I lost a friend this week. Someone I met in my first few months in Doha back in 2007. She was a theatre person – performed, taught, directed and produced. I was an amateur who dabbles from time to time. We were in several plays together and I was in one she directed where she helped me push my limits. We feasted together on American Thanksgiving. Her smile lit up a room, her eyes shined bright and she brought joy and laughter to those around her.
She moved on from Doha. First to Dubai, then on to Shanghai, blessing others with her talent. We kept in touch through social media – wishing each other happy birthday on Facebook, liking each other’s articles and photos, and disagreeing with each other politely during the US election primary season earlier this year.
Recently there had been hints that something was wrong as people who live closer to her were posting “get well soon” messages on her Facebook page. But last week a family friend shared news on her page that during a simple surgery something went wrong with the anesthetic and her brain was starved of oxygen. After repatriation from Shanghai to the US it was confirmed she was in a permanent vegetative state. In accordance with her living will wishes, the life support was going to be withdrawn. Official news of her passing was posted today.
I’ve been crying on and off for a week. But I’ve been smiling and laughing too, as people whose lives she had touched flooded her page with messages, memories, and pictures. Some were her students with messages of how her teaching so positively impacted their lives. Others were photos of silly moments or fun adventures. Some were messages of regrets and missed opportunities to see and speak to each other more. There was a world of people, most who don’t know each other due to geographic diversity, who were sharing, grieving and celebrating her life together via social media.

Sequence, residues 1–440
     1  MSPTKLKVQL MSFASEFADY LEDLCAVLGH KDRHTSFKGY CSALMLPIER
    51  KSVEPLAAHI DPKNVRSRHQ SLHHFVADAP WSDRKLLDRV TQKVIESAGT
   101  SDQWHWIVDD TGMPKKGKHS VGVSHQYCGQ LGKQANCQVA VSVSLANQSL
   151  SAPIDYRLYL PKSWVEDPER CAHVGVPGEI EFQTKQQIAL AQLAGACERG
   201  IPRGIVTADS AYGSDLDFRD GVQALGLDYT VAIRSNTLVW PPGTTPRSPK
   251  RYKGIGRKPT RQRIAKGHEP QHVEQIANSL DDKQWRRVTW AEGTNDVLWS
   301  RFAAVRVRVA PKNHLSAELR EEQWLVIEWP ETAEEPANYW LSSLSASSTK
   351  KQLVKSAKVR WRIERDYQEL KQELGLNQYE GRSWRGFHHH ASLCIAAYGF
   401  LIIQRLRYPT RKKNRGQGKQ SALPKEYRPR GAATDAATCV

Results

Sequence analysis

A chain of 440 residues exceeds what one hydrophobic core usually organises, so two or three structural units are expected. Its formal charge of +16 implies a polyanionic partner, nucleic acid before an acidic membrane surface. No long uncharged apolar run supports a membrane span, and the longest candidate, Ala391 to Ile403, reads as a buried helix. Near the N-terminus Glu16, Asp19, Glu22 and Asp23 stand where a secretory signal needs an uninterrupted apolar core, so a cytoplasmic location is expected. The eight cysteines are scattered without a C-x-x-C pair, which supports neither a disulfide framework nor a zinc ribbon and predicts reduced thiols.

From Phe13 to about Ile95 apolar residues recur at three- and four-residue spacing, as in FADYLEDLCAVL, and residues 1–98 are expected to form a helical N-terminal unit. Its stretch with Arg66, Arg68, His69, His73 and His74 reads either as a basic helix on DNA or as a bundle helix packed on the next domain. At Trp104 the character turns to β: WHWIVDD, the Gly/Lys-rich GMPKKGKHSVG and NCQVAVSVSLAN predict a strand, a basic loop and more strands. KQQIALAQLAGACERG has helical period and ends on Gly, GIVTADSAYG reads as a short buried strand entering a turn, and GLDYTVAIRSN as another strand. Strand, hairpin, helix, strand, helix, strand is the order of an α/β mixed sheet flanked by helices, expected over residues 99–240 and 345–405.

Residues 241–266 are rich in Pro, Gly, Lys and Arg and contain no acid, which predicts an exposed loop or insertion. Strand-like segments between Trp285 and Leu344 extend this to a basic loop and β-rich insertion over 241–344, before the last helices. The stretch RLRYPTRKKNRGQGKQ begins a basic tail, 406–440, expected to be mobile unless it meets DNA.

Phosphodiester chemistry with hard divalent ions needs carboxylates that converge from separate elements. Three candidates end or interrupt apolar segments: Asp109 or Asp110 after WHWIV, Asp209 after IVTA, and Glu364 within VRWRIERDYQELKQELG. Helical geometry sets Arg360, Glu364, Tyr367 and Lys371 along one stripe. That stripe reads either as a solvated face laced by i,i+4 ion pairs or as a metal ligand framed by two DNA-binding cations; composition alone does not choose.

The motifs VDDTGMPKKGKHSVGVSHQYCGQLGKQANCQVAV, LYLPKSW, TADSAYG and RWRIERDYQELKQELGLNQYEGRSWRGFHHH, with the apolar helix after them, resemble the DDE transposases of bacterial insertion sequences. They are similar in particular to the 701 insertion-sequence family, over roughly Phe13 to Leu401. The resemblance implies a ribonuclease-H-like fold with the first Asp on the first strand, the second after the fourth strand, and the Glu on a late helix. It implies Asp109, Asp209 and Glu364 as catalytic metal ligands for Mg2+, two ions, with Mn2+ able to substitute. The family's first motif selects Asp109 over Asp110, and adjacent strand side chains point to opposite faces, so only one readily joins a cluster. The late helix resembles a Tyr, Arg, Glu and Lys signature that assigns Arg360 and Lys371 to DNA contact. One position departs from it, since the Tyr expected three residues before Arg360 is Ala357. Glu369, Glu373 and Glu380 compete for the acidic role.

Some people put down deep roots in one place and become a part of the local community. While others spread their wings moving from place to place, building a webbed community that uses new media tools to stay connected / rooted to each other.
There have been reports for years about the demise of Facebook. As the demographics of its users shifted from college students to parents and grandparents, there have been a ton of media articles questioning how Facebook can stay relevant. My own kids, both young teenagers, spend more time communicating with their friends on Snapchat – where photos and messages disappear after a few seconds. Some say this is great because who wants a future employer finding an unflattering photo of you on social media maybe doing something that was funny at the time, but doesn’t look good in the light of day. And it is wise to make sure your privacy settings are properly tuned, and you think before you post.
But I was so grateful to have a Facebook history to look through this week. To go back and see shared moments, group photos, our shared history.
Some people share too much on Facebook, some share nothing at all and just lurk, reading other people’s posts and clicking the like button every once in a while. But I am so glad to have so many friends that do share parts of their lives – a snapshot – and normally their happy ones, successful ones – via Facebook. For those of us who don’t have deep roots, who do have a world wide web of friends, it helps us keep up to date with their lives, stay engaged, and keep those threads of friendship alive. And sadly this week it provided a forum to let us know a friend has passed via family members most of us had never met. This week Facebook provided a place / a forum for me and so many others to remember together, to share our best memories of our friend regardless of time zone or location.
So thank you Doha for bringing us together.
And thank you Facebook for keeping us all connected.
Katherine, I’ll miss you. So glad to have had you as a friend.